EU Further Tightens Sanctions on North Korea


The European Union on Friday further tightened sanctions against North Korea over nuclear and ballistic missile tests carried out in defiance of U.N. Security Council resolutions.

The 28-nation bloc said it adopted new restrictions in the trade, financial, investment and transport sectors in order to complement U.N. resolutions against the Democratic People's Republic of Korea, the north's official name.

"The EU decided to further expand its restrictive measures targeting the DPRK's nuclear, weapons of mass destruction and ballistic missile programs," according to a statement from the European Council, which groups EU member states.

It cited the "grave threat to international peace and security in the region and beyond" that North Korean actions pose.

Under the new measures, the EU bans imports of petroleum products and luxury goods from North Korea as well as the sale or transfer to the regime of any civilian material or equipment that can also be used for military purposes.

It also prohibits any financial support for trade with the regime as well as any North Korean investment in the European bloc.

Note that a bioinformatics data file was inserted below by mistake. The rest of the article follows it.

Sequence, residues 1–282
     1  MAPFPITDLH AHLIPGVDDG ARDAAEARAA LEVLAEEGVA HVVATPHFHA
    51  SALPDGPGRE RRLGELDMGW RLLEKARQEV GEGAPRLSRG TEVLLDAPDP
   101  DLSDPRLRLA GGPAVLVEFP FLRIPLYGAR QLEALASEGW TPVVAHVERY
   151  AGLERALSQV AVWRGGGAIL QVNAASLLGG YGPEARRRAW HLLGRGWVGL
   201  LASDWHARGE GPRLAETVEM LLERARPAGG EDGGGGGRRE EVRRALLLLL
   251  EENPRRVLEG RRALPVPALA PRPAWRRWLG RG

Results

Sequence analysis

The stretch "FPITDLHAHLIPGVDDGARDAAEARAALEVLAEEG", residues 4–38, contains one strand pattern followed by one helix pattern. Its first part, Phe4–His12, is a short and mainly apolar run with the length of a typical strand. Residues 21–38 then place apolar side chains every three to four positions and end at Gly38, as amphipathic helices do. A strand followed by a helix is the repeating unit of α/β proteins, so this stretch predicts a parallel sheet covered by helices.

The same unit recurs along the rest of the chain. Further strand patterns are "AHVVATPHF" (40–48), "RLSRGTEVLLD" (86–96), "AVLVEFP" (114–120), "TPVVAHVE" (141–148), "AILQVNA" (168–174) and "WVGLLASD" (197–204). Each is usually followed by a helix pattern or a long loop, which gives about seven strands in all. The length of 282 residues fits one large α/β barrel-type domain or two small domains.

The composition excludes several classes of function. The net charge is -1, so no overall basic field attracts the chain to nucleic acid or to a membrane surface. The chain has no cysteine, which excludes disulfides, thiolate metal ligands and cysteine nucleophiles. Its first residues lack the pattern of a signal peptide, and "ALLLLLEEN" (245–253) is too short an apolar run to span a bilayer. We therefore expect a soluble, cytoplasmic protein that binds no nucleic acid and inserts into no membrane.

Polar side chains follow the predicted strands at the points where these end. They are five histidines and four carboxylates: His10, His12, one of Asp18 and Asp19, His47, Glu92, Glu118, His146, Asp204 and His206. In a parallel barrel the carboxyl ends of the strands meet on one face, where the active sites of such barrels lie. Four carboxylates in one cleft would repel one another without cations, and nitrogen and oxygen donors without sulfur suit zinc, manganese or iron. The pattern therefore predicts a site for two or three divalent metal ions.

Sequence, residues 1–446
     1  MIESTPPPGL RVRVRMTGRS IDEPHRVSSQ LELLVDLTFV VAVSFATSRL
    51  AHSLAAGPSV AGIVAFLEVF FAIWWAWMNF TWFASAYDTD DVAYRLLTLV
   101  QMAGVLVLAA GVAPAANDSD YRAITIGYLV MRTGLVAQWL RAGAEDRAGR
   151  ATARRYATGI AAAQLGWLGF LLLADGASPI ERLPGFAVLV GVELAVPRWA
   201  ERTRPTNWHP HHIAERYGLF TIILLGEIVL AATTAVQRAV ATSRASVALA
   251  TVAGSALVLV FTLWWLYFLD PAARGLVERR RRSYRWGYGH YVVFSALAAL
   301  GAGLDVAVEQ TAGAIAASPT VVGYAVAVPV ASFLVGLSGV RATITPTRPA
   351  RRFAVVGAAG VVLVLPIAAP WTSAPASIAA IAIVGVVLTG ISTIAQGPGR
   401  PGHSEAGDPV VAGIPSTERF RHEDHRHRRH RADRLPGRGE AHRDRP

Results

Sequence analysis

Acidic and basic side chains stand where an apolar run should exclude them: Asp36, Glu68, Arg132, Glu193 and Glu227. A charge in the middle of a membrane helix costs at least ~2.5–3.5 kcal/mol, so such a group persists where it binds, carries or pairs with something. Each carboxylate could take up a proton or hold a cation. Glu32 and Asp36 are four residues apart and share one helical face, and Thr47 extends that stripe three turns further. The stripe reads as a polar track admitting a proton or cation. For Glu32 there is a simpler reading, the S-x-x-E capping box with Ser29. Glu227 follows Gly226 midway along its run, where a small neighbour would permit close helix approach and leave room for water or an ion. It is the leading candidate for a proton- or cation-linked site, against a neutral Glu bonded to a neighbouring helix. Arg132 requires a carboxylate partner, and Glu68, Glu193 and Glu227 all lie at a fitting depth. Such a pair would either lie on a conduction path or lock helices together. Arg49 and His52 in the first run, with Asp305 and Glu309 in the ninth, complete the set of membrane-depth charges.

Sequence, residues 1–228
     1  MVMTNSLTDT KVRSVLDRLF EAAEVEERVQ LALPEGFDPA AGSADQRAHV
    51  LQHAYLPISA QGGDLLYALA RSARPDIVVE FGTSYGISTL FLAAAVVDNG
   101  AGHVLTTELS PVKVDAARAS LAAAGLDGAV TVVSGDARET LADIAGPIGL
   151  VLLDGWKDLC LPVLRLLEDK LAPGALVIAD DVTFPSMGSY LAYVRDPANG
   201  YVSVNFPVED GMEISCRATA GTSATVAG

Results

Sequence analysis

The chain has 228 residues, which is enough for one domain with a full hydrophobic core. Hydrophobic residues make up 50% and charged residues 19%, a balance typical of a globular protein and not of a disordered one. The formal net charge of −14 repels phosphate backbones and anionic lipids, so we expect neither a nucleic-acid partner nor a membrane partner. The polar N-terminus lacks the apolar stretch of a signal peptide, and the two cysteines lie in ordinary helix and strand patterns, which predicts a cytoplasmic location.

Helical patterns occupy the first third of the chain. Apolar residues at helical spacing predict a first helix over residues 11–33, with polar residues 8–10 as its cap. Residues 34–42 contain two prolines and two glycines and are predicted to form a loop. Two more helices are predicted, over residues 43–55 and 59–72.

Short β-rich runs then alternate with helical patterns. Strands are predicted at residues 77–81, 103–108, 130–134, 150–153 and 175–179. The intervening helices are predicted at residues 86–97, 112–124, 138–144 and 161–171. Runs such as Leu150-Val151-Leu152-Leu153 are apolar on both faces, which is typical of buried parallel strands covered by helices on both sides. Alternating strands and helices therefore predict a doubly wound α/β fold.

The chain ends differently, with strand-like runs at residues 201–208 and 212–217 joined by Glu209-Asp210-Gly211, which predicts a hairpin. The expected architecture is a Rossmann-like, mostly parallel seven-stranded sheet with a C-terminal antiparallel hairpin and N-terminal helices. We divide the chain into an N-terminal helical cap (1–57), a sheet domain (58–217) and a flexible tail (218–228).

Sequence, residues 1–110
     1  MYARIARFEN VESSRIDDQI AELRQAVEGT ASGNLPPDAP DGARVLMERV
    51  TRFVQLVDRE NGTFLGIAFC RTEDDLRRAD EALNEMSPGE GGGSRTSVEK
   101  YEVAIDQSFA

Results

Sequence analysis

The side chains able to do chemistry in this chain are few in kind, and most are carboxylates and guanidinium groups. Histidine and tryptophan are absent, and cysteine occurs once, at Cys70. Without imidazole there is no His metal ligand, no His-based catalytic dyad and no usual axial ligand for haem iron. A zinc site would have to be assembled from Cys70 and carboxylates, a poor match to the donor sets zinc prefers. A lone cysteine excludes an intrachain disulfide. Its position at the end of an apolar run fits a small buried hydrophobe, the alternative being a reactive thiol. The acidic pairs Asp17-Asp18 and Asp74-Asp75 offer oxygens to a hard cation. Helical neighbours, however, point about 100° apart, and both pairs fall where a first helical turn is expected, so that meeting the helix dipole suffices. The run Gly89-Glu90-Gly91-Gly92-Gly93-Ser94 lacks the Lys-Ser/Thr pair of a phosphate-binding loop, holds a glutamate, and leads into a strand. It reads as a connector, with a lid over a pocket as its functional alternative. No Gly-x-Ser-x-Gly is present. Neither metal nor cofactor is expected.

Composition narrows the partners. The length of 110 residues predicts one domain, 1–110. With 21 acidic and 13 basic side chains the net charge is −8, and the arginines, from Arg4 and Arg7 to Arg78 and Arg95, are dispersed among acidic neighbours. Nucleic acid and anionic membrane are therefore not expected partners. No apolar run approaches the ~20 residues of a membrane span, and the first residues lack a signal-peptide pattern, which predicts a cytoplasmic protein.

EU nationals and entities are barred from investing in the mining, refining and chemical industries sectors as well as in any entities working on illegal programs.

The bloc also bans any North Korean aircraft from landing in or taking off from EU territory or even flying over it. And it prohibits any vessel owned, operated or crewed by North Korea from entering EU ports.

Last week the bloc added 18 persons and one entity to its asset freeze and travel ban blacklist, meaning sanctions are now in place against 66 individuals and 42 entities in North Korea.

In March, the U.N. Security Council imposed the toughest sanctions yet against Pyongyang, including unprecedented inspections of all cargo to and from the notoriously reclusive country which has locked itself away from the rest of the world for the past 60 years.

The U.N. sanctions also banned or restricted exports of coal, iron and iron ore and other minerals, along with the supply of aviation fuel as part of efforts to get Pyongyang to abandon its nuclear and missile ambitions.

The EU established diplomatic relations with North Korea in 2001 but contacts are minimal. It adopted its first sanctions in 2006.

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